Stargazers watch for conjunction of Jupiter and Saturn as brighter 'Christmas star'
Planets come closer, shine brighter, than they have in centuries
A rare celestial event is making an already unique holiday season even more unusual as what's been dubbed the "Christmas star" is set to appear over Canada on Monday evening, brighter than it's been in nearly eight centuries.
It's not really a star at all — it's a convergence of Jupiter and Saturn — but because of their close proximity, they will appear to the naked eye to be one bright star.
For the last few weeks, the two planets have appeared nearer and nearer in the night sky and will be at their closest on Dec. 21, appearing above the southwest horizon shortly after sunset.
"It's a sense of anticipation, which, of course, is what Christmas is all about, that waiting," said astronomer and physicist Brian Martin, a professor emeritus at King's University, a Christian institution in Edmonton. "And here, we're waiting for those planets to almost merge in the sky.
"It captures the sense of what it's like to be waiting for the birth of Christ and to celebrate that on the 25th of December."
Every year around this time, Stephen Jeans, who teaches Earth and space science at Ambrose University, another Christian institution in Calgary, delivers a "Star of Bethlehem" lecture for the Canadian Scientific and Christian Affiliation, a fellowship of Christian scientists.
The lecture, which isn't being held this year because of COVID-19, focuses on the star that the Magi, or the Three Wise Men, followed to Bethlehem and what astronomical event it possibly could have been.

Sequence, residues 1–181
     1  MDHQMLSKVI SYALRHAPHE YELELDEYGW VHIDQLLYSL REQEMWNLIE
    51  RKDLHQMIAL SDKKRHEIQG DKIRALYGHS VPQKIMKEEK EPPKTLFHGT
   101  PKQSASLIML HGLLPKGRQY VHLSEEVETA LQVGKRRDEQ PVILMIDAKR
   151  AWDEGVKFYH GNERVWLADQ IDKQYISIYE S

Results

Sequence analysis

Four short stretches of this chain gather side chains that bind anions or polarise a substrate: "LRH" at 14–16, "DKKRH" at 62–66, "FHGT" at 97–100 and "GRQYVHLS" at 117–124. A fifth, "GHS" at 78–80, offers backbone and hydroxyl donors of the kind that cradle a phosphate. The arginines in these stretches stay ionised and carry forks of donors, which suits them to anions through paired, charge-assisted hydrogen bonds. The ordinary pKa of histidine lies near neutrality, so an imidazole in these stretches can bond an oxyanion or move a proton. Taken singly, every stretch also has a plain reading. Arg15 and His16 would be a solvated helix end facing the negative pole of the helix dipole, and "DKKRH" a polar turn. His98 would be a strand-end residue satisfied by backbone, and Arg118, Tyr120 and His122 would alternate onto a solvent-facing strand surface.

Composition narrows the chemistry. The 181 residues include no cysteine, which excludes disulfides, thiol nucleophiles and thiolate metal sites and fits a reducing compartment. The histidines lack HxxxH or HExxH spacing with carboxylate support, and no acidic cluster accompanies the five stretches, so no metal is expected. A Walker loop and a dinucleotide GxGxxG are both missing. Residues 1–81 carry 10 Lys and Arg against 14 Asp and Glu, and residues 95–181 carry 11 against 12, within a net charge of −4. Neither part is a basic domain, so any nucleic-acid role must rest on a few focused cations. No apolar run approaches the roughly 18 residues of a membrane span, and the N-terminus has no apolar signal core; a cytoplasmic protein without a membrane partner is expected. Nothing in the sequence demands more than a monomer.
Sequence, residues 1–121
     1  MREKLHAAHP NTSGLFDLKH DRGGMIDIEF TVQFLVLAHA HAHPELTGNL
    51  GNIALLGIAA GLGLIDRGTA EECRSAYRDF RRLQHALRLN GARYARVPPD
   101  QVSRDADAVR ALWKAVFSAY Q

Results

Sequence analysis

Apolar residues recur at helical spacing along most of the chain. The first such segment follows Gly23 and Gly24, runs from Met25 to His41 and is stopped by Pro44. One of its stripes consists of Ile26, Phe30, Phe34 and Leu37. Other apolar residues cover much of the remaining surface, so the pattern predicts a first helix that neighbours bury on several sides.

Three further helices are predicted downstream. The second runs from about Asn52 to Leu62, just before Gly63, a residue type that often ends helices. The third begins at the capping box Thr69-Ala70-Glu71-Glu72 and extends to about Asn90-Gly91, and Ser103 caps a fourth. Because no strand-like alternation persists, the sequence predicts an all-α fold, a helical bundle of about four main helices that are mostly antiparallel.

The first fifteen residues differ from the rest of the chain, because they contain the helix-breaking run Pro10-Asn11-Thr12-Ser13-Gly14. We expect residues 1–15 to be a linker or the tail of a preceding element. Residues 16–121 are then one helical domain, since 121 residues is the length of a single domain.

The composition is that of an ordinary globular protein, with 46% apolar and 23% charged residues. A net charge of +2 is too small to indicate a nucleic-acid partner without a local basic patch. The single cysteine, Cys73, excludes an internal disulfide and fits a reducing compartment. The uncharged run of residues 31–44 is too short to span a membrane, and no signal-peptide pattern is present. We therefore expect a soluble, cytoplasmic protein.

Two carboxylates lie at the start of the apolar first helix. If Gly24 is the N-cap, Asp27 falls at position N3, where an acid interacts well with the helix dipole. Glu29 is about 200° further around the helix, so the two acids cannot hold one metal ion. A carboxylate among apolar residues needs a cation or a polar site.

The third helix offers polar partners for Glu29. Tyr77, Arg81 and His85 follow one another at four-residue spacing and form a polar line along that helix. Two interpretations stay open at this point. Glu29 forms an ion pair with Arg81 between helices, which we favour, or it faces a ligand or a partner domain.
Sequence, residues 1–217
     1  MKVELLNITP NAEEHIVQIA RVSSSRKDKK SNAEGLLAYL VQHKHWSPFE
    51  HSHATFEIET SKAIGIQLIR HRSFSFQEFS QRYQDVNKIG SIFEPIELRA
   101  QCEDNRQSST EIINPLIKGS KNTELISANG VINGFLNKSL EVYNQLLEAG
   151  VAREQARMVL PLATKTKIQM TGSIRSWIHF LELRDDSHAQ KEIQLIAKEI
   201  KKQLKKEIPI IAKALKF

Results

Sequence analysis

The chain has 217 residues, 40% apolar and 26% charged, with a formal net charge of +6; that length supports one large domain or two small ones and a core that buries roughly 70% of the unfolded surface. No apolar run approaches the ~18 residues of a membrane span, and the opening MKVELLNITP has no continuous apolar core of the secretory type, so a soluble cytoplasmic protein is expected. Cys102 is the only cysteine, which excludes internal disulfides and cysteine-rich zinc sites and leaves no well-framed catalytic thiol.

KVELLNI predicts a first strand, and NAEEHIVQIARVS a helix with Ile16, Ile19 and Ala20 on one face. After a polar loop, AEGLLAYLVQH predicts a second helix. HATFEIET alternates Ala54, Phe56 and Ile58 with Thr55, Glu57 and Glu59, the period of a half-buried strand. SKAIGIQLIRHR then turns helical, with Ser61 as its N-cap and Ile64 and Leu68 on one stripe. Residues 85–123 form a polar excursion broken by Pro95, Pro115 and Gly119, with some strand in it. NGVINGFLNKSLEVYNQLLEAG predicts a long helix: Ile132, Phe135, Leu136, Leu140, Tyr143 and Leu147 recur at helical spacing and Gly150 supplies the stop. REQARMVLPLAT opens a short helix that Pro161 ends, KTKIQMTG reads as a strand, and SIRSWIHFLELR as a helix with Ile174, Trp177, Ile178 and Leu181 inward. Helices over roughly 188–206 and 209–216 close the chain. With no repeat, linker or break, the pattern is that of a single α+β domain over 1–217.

There are some who speculate it was a comet, but Jeans said those are typically bad omens, so he suggests it may have been a conjunction of planets similar to what's on display now.
A 'double planet'
"The nice thing about this is it can be seen across the country at the same time," Jeans explained.
"You're going to have the opportunity to see the same event that all your friends and relatives will see: a really large double planet that looks like the Christmas star."
The last time there was such a convergence of Jupiter and Saturn was in the 17th century, but it wasn't visible at night. You have to go back to March 4, 1226, that the conjunction was seen by people.
Martin notes that in 2 BC there was a conjunction between Jupiter and Regulus, the brightest star in the constellation Leo, which the Magi may have been following.
Jupiter was the Roman god of sky and thunder while Leo, the lion, is king of the beasts.
"If you saw the king of the gods circling around the king star, Regulus, in the constellation Leo, that would get your attention if you were an astrologer," Martin said.
"It's kind of interesting that we have this wonderful conjunction right now in one of the darkest Christmases we've experienced, and just before the birth of Christ, there was this amazing conjunction of three kings, in a sense bowing before one another."
Stargazers typically gather in groups at observatories or with backyard telescopes for such events, but that won't be happening this year because of COVID-19.
There's also the chance the conjunction won't be visible because of the weather. Clouds, heavy snow, or rain are in the forecast for many Canadian cities. The planets will still be visible on Tuesday night, but by then, they will be moving apart.
Jeans said to look south between where the moon is visible and the sun just set. He suggests bringing your cellphone so you can call friends and family and look at it at the same time.
Low in the southwestern sky after sunset
Stargazers should be ready shortly after sunset and look to the southwest fairly low on the horizon. Saturn will be the smaller, fainter blob at Jupiter's upper right. Binoculars will be needed to separate the two planets.
"It only lasts about an hour, and then the 'Christmas Star' will follow the sun and set itself in the west," Jeans said.
With files from The Associated Press